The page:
I found one of these in a storage closet at work. It's an appliance intended for disk-to-disk-to-tape. This was bought before I got here, so I don't know the full story, but we're now using a Barracuda Backup server with their Cloud services... works fine.
Maybe I can repurpose the darn thing and get some use out of it. I put it on the test bench and fire it up. It's got an AMD BIOS, but it's password-protected. It boots to a LINUX prompt, but I've no idea of the login/password for it. Okay, let's check with tech support:
Support does not has [sic] the bios password. It is something we never access.
The REO 1500 is an end of service life product that we no longer support.
Here is a link to the REO 1500 user guide: http://support.overlandstorage.com/jive/servlet/KbServlet/download/5752-102-2064/10400045-102.pdf
Well, that's simple enough. The User Guide is useless as it discusses how to use it with their custom operating system, but the response makes me feel better... I'm very okay with hacking on something that's EOL!
Okay, so I crack open the case and find some instructions on the inside of the case. That shows me which switch to throw to reset the BIOS password. Done.
No optical media drives, so hopefully you're familiar with XBOOT: https://sites.google.com/site/shamurxboot/
The REO 1500 has a 512MB SSD for boot. Works fine, but you'll need to modify the partitioning because by default CentOS 6.5 wants 500MB for /boot, configure it with whatever the max available is and you'll be fine. Oh, and don't forget to install your loader on that drive!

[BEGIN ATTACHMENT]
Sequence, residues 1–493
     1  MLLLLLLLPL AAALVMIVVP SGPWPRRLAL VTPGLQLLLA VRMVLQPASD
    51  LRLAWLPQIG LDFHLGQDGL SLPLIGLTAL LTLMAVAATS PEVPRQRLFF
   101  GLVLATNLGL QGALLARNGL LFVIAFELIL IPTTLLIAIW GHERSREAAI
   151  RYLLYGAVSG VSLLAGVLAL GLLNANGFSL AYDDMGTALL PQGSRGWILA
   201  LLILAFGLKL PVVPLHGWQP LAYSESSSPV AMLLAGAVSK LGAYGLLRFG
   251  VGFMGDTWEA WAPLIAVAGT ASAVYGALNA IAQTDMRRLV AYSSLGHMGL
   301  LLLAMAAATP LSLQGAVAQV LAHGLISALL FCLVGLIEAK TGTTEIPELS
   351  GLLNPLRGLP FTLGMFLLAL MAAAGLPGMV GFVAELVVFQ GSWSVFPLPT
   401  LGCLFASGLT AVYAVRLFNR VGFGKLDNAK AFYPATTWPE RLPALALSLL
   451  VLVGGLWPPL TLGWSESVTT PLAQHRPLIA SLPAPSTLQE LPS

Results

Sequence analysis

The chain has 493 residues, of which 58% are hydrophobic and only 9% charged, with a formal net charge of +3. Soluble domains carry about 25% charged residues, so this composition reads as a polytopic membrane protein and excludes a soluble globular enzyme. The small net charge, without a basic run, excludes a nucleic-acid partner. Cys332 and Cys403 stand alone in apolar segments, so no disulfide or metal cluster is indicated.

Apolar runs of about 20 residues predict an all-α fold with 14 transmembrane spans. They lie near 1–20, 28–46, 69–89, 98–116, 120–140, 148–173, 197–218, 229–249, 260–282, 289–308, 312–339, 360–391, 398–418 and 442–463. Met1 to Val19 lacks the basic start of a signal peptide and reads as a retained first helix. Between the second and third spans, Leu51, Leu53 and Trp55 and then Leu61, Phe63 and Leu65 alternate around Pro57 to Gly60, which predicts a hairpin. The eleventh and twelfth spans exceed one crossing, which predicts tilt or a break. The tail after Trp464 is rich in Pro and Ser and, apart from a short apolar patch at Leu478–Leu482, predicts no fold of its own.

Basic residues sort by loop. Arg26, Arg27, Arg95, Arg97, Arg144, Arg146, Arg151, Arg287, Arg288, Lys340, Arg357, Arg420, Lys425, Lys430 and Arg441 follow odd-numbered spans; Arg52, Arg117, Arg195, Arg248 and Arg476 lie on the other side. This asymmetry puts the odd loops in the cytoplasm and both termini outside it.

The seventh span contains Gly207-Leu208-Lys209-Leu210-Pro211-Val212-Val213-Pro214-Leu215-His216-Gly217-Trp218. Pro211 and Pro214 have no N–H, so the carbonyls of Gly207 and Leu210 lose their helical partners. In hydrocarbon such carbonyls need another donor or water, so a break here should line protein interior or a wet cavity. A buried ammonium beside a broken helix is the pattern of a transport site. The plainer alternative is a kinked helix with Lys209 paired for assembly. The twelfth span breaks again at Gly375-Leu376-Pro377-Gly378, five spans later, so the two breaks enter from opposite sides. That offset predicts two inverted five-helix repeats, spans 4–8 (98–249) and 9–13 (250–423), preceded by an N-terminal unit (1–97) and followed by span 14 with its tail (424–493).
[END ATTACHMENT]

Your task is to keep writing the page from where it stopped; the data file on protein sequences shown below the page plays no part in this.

The CentOS 6.5 installation went fine after the /boot adjustment above.There are four RAM sockets inside the REO 1500. On ours two had 512MB SIMMs. I think the REO 1500 will take up to four strips of the following RAM, but haven't tried this yet:
My REO 1500 has a 3Ware RAID controller with four physical drives in one, RAID 5 array for a total of 1.4TB. Guess I'll throw some larger drives in it and use it as our new LINUX mirror!
UPDATE (04 Nov 2014)
Later in July, we put in four of the 2GB SIMMs above and four 2TB Western Digital Black HDDs, with CentOS and it works fine! :)
UPDATE (13 Nov 2014)
When I posted on the 4th, I had just set up the RAID array, I hadn't tried to install the OS... unfortunately the OS didn't see the array, it did, however, see the individual drives if I left them outside the RAID array.
Turns out LSI Logic has a nice utility that upgrades Firmware/etc. on their 3Ware RAID controllers and others. Just download the LSI_PreBoot_Installer, install it to a USB drive, and boot from that USB drive to update the 3Ware controllers firmware, etc.
Once I did that, I set up the RAID array the way I wanted, but CentOS 7 didn't see the RAID array! I then booted from CentOS 6.6, just to check, and it finds the RAID array with no problem!
So, I'll go ahead and set up the machine under CentOS 6.6, and open a bugzilla report asking why CentOS 6.6 can see the RAID array and CentOS 7.0 can't.NOTE: We have since retired this hardware in favor of something faster and more stable.